Myths of the Oil Boom: American National Security in a Global Energy Market by Steve A. Yetiv is a complex look at the international oil market. Yetiv is the Louis I. Jaffe Professor of International Relations at Old Dominion University. He has been a consultant to the U.S. Departments of State and Defense; the U.S. General Accounting Office; and CNN International where he worked on a documentary that won an Edward R. Murrow Overseas Press Club Award.
This book was a rather unexpected find for me. First, it covers very recent events in a very scholarly format. Most books looking this close to the present tend to be patchworks of news articles and what can be found on a quick web search. This book is well documented and well written. Second, this book took right back to graduate school where I worked on my Masters in International Relations, security policy. The thinking and positions put forth in this book fell right in line with what I learned years ago. The last point I am a bit embarrassed about. I did not know the US was enjoying an oil boom from shale fracking. I haven’t bought gasoline in many years and really did not pay much attention to it. I did, however, know about the natural gas boom.
Yetiv goes into great detail explaining the workings of the oil market and what effects an American boom would have on prices. It affects more than the US. Russia is suffering from lowered oil prices. The expected oil income is not enough to support government expenditures. The same dilemma is being experienced in other oil producing countries. On the other side, too high of oil prices will result in the loss of market share for OPEC countries. While Americans fear another OPEC embargo, in reality, it hurt OPEC just as well. America looked and bought from other non-OPEC sources and continued to do so after the embargo weakening OPEC’s share of the market. Conservation efforts also cut into the market share.
In the mid-1980s, the US reflagged Kuwaiti ships and provided a large military presence in the Persian Gulf. Twice late last century and this century the United States sent forces to the Middle East, Iraq in particular. A large portion of the world’s oil flows through the Persian Gulf. Yetiv explains why the US considers it vital to ensure the free flow of oil in the region. Surprising to many it has nothing to do with the US supply of oil. Sixty percent of our oil is imported but very little of it through the Gulf. Of our imports, 3/4 come from our own hemisphere — Canada, Mexico, Venezuela, and Columbia.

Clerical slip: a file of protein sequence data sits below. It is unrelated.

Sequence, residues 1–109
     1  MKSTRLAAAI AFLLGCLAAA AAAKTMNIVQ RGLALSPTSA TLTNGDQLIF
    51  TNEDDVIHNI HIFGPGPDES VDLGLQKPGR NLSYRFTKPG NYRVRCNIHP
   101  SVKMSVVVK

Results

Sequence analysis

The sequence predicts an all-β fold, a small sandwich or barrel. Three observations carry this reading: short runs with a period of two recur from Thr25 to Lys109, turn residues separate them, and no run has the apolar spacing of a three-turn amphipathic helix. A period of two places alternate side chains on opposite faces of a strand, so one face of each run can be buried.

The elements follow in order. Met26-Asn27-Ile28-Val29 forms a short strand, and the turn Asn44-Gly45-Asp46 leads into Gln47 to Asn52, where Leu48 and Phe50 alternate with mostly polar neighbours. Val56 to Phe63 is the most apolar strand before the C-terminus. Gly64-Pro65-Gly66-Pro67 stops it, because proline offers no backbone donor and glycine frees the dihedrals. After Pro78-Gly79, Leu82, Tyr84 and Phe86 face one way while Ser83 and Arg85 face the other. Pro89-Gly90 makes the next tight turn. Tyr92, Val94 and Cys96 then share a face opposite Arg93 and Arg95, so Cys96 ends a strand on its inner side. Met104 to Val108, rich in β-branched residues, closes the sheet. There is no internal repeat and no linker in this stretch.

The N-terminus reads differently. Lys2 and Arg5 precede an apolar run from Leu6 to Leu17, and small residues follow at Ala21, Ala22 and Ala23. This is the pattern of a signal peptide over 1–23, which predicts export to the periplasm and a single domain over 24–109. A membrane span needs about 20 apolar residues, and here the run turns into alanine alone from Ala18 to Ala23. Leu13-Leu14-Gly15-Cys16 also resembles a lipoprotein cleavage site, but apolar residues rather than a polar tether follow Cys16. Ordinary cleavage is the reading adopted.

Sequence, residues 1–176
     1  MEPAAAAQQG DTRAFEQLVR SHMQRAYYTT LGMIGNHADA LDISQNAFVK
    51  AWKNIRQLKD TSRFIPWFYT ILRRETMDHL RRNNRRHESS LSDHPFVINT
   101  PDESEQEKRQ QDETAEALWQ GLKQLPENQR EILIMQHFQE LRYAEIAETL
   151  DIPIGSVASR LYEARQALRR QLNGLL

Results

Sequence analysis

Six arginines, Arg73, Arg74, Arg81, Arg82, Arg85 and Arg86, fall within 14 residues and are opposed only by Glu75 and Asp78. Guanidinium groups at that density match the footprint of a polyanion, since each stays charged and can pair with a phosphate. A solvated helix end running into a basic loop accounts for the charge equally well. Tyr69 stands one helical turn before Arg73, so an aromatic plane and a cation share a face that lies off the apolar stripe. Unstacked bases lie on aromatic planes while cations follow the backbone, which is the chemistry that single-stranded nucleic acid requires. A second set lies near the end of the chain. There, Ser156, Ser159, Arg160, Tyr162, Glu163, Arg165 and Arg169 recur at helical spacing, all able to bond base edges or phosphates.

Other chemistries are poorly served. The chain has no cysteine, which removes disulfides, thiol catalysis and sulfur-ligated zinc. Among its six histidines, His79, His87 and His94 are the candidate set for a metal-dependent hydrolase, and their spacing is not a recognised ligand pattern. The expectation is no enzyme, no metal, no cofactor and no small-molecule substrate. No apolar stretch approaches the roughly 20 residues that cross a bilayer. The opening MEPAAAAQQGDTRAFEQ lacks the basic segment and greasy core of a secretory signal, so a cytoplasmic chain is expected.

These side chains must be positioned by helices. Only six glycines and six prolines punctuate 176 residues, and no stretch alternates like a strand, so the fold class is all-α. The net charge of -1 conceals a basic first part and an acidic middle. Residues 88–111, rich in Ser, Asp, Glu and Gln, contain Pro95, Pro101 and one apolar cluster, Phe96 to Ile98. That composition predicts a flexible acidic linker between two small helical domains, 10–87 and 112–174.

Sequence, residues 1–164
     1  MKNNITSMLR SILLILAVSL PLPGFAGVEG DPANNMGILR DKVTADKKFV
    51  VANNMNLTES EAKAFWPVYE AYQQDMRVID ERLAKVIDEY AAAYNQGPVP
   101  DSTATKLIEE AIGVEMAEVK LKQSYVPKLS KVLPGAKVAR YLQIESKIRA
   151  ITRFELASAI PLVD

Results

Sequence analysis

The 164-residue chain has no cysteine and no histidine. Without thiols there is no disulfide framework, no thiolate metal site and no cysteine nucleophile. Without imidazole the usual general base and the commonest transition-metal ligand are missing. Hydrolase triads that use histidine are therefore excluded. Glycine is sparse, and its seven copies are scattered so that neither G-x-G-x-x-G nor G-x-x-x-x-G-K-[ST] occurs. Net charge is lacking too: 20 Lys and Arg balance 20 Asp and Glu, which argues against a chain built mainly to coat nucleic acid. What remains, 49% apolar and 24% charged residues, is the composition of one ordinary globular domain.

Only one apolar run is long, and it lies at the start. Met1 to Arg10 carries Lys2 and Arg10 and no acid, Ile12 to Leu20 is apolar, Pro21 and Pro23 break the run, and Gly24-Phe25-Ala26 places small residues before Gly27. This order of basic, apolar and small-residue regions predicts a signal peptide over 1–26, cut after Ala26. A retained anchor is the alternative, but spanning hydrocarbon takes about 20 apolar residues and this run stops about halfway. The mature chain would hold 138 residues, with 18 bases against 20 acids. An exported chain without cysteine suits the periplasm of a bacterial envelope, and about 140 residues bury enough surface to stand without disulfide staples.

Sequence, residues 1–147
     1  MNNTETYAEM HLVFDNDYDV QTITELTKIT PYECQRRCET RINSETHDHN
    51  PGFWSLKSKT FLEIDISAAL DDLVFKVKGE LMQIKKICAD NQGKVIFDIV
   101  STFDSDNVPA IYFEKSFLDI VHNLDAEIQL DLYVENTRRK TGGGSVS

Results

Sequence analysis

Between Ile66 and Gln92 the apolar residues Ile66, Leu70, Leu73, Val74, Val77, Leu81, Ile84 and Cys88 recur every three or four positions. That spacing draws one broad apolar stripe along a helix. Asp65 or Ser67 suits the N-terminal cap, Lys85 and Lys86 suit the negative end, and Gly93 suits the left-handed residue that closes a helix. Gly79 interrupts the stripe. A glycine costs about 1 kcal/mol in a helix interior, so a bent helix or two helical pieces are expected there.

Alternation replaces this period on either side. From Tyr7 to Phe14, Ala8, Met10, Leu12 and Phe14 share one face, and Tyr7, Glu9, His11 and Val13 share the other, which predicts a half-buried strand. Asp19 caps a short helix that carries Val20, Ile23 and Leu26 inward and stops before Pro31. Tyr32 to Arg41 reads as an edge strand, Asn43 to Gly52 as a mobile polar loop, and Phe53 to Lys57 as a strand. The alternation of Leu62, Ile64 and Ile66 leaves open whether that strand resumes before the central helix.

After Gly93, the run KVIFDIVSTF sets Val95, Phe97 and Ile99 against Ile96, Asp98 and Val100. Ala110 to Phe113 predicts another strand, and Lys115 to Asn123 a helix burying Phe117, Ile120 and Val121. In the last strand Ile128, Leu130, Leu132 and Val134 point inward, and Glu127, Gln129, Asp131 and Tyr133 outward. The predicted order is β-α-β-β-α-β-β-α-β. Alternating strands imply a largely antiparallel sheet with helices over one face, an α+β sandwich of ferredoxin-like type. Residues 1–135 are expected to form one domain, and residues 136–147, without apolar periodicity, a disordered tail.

The US oil boom is also put into perspective. It is expected to peak in about five years. Others argue that technology will extend that peak into the future. Regardless, it is limited. The North Sea oil gave a boom in the 1980s driving the price of gas to under a dollar, but it did not last. Oil markets are complex as are the players. In America, we talk about Big Oil and its role. Most of the countries that we import from are not controlled by Big Oil. They are nationally owned. Nationally controlled oil has its problems ranging from corruption to managerial apathy. There is not the profit motive to drive these organizations. Therefore, their efficiency and willingness to develop new technology is lacking.
Myths of the Oil Boom is probably the most up to date scholarly look at oil security. It looks at the big and long term picture. Oil is vital to the world. We are a petroleum based world economy and as new powers are rising, China in particular, new concerns and threats to stability are realized. While America may fight wars for oil, China develops a foreign policy of cooperation with resource rich nations to secure its oil future. For example, while the world placed sanctions on Iran, China offered to buy its oil.
Our world has changed since the days of the Cold War. It is more complex and less stable. Results of Cold War policies are being felt, especially in America with the Middle East. Yetiv brings together all the complexities, clears misconceptions, and presents a clear picture of energy security. My copy of the book is thoroughly marked and noted; this is a book for those wishing to know what a course in international relations is like. Extremely well done and very relevant.